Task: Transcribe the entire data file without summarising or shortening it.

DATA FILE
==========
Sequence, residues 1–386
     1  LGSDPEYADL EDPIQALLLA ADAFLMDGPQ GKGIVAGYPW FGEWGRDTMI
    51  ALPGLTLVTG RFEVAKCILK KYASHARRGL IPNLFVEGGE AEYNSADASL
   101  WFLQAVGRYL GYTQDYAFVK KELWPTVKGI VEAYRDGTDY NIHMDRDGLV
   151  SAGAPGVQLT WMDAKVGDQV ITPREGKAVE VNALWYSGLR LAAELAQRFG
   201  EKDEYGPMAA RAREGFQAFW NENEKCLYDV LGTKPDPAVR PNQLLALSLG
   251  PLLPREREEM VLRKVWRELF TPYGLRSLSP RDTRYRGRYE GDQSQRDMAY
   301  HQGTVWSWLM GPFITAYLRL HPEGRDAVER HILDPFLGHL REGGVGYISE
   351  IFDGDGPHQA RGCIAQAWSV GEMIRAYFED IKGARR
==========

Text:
Sequence, residues 1–386
     1  LGSDPEYADL EDPIQALLLA ADAFLMDGPQ GKGIVAGYPW FGEWGRDTMI
    51  ALPGLTLVTG RFEVAKCILK KYASHARRGL IPNLFVEGGE AEYNSADASL
   101  WFLQAVGRYL GYTQDYAFVK KELWPTVKGI VEAYRDGTDY NIHMDRDGLV
   151  SAGAPGVQLT WMDAKVGDQV ITPREGKAVE VNALWYSGLR LAAELAQRFG
   201  EKDEYGPMAA RAREGFQAFW NENEKCLYDV LGTKPDPAVR PNQLLALSLG
   251  PLLPREREEM VLRKVWRELF TPYGLRSLSP RDTRYRGRYE GDQSQRDMAY
   301  HQGTVWSWLM GPFITAYLRL HPEGRDAVER HILDPFLGHL REGGVGYISE
   351  IFDGDGPHQA RGCIAQAWSV GEMIRAYFED IKGARR